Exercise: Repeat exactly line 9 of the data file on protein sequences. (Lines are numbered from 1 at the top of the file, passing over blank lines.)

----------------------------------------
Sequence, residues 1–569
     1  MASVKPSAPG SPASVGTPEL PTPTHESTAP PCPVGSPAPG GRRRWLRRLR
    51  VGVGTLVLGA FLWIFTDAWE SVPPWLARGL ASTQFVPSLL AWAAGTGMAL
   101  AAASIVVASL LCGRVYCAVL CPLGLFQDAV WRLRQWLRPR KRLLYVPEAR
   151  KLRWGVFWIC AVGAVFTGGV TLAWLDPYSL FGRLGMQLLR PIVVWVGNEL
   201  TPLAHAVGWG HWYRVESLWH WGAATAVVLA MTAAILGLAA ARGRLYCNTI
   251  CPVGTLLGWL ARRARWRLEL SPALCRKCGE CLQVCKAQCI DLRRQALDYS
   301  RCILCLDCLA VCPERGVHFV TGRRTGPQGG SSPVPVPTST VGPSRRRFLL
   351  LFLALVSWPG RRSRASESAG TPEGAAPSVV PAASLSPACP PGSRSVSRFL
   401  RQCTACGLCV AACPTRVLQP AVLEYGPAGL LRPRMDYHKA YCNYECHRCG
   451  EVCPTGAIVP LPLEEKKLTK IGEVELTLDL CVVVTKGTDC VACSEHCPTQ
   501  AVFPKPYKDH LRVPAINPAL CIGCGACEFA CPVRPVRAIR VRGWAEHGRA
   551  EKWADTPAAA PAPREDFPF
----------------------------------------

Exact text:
   351  LFLALVSWPG RRSRASESAG TPEGAAPSVV PAASLSPACP PGSRSVSRFL